The Components of Effective Teaching

There are many components of effective teaching that I have become aware of since the beginning of the semester, An effective teacher always has a plan for the day’s lesson. This plan will include accommodations for varying students, and will be supported by a fallback plan in case of unforeseen (or forgotten) events. Such a teacher will also integrate different subjects into her or his lesson plans in order to provide a fully rounded education for the class Additionally, it is imperative that an effective teacher spends roughly the first six weeks of the school year teaching classroom behavior skills, These skills must be proactively taught and presented to students, helping them practice and model appropriate behaviors.

If we want to correct a child’s behavior we must work with them from the beginning, not wait until after they’ve made a mistake and then punish them. Children need to be seen, and an effective teacher makes sure that the students know they are being supervised.

Not only does this help keep their behavior in check, it makes children feel safe and allows them to explore and grow into greater human beings. An effective teacher provides structure for the classroom, something that promotes both a sense of safety and organization. When children understand what they are expected to learn, it becomes much easier for them to do so. The same goes for behavioral expectations While kids need to feel safe and secure, it is also important that they don’t feel trapped or sealed away from the world.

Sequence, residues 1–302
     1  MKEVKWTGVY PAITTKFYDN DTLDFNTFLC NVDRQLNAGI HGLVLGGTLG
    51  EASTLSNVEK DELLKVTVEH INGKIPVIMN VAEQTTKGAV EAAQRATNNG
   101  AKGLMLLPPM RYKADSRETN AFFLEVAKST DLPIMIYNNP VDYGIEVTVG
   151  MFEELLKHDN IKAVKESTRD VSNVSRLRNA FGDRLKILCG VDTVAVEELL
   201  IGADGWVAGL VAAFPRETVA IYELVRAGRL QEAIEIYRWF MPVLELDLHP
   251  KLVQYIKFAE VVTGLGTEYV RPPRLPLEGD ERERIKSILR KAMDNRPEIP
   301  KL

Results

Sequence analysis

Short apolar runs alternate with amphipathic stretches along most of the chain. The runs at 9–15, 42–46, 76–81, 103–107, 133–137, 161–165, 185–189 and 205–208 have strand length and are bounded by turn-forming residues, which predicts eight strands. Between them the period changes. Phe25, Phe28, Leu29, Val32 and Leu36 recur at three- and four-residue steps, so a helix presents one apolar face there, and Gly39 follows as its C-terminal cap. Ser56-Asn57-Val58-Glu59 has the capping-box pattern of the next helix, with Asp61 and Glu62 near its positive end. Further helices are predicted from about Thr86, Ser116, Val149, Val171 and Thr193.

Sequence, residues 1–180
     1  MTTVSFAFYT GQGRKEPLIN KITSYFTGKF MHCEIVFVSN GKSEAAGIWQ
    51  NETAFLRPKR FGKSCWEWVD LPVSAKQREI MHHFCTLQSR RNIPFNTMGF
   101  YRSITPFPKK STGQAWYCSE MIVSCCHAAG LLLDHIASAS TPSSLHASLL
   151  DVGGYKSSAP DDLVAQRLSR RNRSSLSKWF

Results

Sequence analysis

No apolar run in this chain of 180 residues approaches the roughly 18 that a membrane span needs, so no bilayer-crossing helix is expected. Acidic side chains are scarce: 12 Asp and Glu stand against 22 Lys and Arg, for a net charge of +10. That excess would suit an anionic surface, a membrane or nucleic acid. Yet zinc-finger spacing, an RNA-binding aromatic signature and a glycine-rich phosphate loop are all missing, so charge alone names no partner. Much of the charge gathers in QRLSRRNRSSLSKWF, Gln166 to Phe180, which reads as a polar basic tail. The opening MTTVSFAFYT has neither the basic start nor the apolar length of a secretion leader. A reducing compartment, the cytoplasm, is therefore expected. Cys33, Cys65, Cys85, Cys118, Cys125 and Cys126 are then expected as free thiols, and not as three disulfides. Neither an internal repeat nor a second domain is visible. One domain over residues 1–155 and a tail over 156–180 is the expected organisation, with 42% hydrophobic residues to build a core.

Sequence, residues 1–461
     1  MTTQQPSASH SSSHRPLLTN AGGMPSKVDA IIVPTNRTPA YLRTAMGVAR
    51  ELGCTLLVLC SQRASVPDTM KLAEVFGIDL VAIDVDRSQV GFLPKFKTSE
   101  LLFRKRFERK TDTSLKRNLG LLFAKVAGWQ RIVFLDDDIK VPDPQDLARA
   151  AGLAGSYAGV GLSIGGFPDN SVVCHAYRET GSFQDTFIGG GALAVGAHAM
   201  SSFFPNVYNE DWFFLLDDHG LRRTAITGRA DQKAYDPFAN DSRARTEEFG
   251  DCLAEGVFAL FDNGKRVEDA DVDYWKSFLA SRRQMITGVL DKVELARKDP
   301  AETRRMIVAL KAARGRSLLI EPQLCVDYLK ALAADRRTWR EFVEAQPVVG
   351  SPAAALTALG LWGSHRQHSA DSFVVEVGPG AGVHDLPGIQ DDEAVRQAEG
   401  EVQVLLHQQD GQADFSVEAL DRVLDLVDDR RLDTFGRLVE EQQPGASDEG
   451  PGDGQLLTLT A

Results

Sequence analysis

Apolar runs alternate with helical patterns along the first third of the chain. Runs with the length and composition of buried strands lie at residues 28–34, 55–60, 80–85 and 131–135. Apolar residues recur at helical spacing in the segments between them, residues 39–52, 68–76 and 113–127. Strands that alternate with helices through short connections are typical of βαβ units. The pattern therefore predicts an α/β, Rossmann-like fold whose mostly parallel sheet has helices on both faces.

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Allowing exploration is your own classroom is essential, and I want my students to feel welcome everywhere in the room, The room should belong to me just as much as it belongs to them; the only difference between us is that I am the instructor and the children are the students. An effective teacher is cognizant of the tone of voice that she or he uses when speaking to their students.

The primary focus of an effective teacher is on the positive achievements of their students, rewarding them with praise for their efforts. It is important to not praise students for getting the correct answer or finishing quickly, Instead, we must applaud the process that they go through, for it is that process that we must strengthen We must also help our students assert confidence in their individual cognitive processes, alongside a desire to work to their fullest potential. The tools they learn to use are ones they will carry for the rest of their lives. Tests and homework will be left in the past because those are not the answers that matter. These forms of assessment serve as data collection and it’s about as close as we can get to seeing into the child’s mind. If we are to teach them, we must attempt to fully understand their minds and formulate lessons based around the receptivity and learning potential of our students.

Lastly, an effective teacher allows students to claim some responsibility for their own learning. Too many children feel as though they have no control over what they learn or when they do it Not only will I create opportunities for student to have jobs in the classroom, such as homework collector or handout giver, I will give students some choice in what they want to learn and when. Nine Limes out of ten students will still have to complete all of the same learning, the only difference being that they feel more in control of the situation. It is no harm to me if the students feel empowered and responsible, and in fact it can only prove to benefit their learning. Most importantly an effective teacher needs to be willing to learn and grow, continuously evolving.

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The Components of Effective Teaching. (2022, Oct 18). Retrieved from

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